Max Yasgur, Woodstock Festival Hero
Bill Osmundsen is a sculptor and artist, a former art foundry owner and as a card carrying living relic of the Beatnick and Woodstock generation. A former resident of the New York Metropolitan area, the Artist now has his 'Down Under Art Studio' in the Historic Ben Franklin Block Building in the colorful seacoast town of Portsmouth, New Hampshire. An active and professional Artist since his teenage years Osmundsen has held major One-Man Exhibits in the major Cities of the East Coast, New York, Houston and even Oslo, Norway. His outdoor public artworks maybe seen on the highway (I-95N), Welcome Center and State Liquor Store, New Hampshire; In the town park of Frisco, Colorado and at the Boy Scout Headquarters in Greenwich, CT. Commission artworks have come from Lipton Tea, Inc., Cartier Inc., Americas Cup Committee. His Bronze Sculptures have been used for Awards and presentations;- most notably by HM King Olav V of Norway during his Oslo Exhibit.
Last summer I received an email from a freelance writer by the name of Dale Deffer. She introduced herself by way of our grandparents connection. Both families of Norwegian descent knew eachother in the summer resort community of Rowlands PA. where I had spent every summer of my early youth. Dale went on to explain the connection and asked if I would assist in the creation of a monument to Max Yasgur.
Max Yasgur, was dairy farmer across the Deleware River which separated our summer retreat in Pa. and White Lake - Bethel, in New York. In 1969, Max was approached by the Woodstock Folk Festival for a venue to hold concert.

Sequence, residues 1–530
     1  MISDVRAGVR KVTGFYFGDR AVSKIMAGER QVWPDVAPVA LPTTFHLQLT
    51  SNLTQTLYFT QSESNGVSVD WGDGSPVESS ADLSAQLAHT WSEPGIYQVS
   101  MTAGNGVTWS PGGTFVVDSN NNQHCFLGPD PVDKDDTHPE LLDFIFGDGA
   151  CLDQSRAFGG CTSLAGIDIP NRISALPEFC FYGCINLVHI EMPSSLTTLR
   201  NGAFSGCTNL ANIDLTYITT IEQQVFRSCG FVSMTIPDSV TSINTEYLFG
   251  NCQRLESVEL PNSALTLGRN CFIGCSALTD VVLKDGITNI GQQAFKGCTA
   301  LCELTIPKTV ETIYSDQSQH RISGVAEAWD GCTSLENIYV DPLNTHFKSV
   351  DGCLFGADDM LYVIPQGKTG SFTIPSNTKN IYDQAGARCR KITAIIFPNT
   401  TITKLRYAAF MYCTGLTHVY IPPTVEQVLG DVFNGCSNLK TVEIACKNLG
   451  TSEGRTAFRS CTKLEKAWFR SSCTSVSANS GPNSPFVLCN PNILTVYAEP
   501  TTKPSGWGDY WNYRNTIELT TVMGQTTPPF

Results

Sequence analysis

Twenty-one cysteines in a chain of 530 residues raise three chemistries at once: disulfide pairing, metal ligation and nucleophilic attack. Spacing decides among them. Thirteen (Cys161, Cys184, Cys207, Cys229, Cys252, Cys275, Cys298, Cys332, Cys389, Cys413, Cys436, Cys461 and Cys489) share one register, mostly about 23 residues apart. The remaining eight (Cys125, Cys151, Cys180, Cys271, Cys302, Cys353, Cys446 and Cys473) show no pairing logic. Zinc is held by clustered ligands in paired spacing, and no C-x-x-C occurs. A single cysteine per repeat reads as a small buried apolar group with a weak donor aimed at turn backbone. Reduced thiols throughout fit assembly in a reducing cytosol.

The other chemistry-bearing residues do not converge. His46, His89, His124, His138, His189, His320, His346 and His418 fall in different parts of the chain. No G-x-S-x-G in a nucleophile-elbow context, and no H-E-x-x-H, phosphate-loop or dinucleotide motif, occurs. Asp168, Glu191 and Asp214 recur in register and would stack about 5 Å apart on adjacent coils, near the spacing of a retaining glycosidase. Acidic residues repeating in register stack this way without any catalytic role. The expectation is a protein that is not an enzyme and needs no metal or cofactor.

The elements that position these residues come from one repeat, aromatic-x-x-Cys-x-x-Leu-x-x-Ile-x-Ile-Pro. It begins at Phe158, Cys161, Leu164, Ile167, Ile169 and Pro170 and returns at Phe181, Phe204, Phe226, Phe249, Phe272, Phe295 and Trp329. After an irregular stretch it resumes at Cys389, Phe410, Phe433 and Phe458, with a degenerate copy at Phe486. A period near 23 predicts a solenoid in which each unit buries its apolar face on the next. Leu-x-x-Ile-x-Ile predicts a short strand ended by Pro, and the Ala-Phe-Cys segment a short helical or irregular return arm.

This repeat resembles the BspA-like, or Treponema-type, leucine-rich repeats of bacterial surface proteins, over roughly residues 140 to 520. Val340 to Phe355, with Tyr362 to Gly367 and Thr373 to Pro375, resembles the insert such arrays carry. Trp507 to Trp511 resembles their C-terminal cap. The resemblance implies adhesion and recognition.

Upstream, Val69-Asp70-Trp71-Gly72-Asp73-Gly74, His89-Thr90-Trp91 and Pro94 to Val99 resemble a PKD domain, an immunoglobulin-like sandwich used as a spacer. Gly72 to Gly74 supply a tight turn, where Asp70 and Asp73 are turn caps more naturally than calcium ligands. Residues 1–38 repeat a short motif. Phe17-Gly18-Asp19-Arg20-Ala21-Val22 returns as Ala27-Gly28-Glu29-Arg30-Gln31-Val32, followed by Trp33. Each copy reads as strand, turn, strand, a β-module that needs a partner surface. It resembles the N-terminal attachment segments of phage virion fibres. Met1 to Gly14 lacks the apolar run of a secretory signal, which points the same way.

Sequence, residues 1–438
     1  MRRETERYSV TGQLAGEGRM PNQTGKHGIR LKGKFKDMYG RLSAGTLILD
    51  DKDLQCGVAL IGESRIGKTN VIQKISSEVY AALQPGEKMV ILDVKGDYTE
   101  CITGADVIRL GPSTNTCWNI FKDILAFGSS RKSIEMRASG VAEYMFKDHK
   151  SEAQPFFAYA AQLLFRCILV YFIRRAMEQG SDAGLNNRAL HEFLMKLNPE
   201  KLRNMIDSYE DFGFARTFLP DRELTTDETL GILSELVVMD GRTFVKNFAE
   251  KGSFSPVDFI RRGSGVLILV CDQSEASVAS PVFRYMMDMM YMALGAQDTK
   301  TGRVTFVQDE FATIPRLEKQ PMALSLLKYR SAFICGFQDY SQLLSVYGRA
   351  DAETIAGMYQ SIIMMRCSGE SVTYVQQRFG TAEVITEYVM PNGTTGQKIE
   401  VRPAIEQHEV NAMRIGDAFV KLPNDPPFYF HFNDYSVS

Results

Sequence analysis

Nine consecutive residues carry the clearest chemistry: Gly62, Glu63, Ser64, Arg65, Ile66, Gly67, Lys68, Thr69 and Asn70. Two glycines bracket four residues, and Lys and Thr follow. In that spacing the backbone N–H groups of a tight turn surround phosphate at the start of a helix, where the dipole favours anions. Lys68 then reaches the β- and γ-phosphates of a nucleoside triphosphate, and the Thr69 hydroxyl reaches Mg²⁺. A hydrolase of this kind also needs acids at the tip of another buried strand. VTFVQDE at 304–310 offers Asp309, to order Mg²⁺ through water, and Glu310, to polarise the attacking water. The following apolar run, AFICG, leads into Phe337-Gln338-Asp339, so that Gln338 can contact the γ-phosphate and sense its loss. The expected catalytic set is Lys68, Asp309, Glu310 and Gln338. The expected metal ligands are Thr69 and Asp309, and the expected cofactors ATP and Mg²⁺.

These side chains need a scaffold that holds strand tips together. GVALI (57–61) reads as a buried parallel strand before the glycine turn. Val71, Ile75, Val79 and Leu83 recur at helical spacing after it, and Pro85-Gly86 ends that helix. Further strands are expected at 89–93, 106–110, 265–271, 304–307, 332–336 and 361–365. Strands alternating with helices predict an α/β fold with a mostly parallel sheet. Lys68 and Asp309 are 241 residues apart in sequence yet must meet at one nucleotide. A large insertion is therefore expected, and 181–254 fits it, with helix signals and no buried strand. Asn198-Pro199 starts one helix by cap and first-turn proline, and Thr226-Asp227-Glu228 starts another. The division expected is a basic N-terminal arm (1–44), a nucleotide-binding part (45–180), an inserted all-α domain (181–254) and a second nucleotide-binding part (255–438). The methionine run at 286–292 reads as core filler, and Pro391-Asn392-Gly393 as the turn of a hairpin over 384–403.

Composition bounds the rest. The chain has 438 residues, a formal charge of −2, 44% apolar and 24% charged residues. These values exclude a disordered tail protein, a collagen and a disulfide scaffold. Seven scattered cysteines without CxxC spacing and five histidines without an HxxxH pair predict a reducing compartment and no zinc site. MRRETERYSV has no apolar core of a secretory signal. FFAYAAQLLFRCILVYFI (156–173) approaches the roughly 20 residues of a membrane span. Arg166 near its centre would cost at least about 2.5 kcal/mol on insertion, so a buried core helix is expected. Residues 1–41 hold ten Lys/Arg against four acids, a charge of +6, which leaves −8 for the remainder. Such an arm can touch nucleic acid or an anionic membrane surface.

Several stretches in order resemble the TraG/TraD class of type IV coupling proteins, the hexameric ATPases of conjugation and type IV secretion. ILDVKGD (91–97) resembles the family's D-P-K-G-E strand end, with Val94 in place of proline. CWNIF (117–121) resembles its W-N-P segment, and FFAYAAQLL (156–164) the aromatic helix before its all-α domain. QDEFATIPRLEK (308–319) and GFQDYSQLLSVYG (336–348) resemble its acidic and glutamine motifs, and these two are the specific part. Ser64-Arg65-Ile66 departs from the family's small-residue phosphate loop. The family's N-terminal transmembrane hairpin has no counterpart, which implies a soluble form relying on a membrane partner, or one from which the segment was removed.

Now a lot of people think the Woodstock Festival took place in Woodstock, New York, but the town couldn't accommidate it and another New York town further north wouldn't either. It was the age of Aquarious, the 'flower child', the Hippie and for the conservative towns folk of 1969 this wouldn' t do.
Max was the largest Dairy Farmer in the county and had serveral large Alfafa fields, to feed the milk cows;- one of which he agreed to let to the festival.
Max had to fight the town but prevailed and the greatest gathering of humanity in modern times was held for three days on his fields. Music was played and some of the legendary musicans of the 60's became noted at this gathering which swoll to a half-million people.
Headling at the music festival:- Jimi Hendrix, Janis Joplin, Greatful Dead, Joe Cocker and Crosby, Stills, Nash and Young. Petty exciting hugh! noone ever forgot it, not that year, not next year not in 10, 20, 30, 40 years.
On it's site was built the beautiful Bethel Woods Center for the Arts, a perfect location for a bronze statue of a modest farmer, that made one of the human wonders of the 20th century possible.
We all don't get to know much about farmers' in today's world but in New Hampshire, I did call one my friend who lived across our road and raised cattle. I got to appreciate the 24 hour job which continues 365 days without a brake. If nothing goes wrong it's a hard living, but often calamity is always around the corner and the farmer must be resourceful.
There is also a kindness and humanity I saw first hand and wanted to relate in my life portrait.
By Christmas I had my 2 ft. clay model completed but about 6 months ago, on June 24, 2016, Sam, Max's son died. So my plan to discuss my model never happened. Just tonight, though, I found this wonderful u-tube, a presentation by Sam Yasgur, explaining much of his feelings and his insights to Woodstock and his Dad. It's long, but wonderful, and worth your time. It made me happy I took up this project. Please give it a listen. And if like a contribution as we are entering the 'casting stage.
Thank you, Bill Osmundsen
Here's the link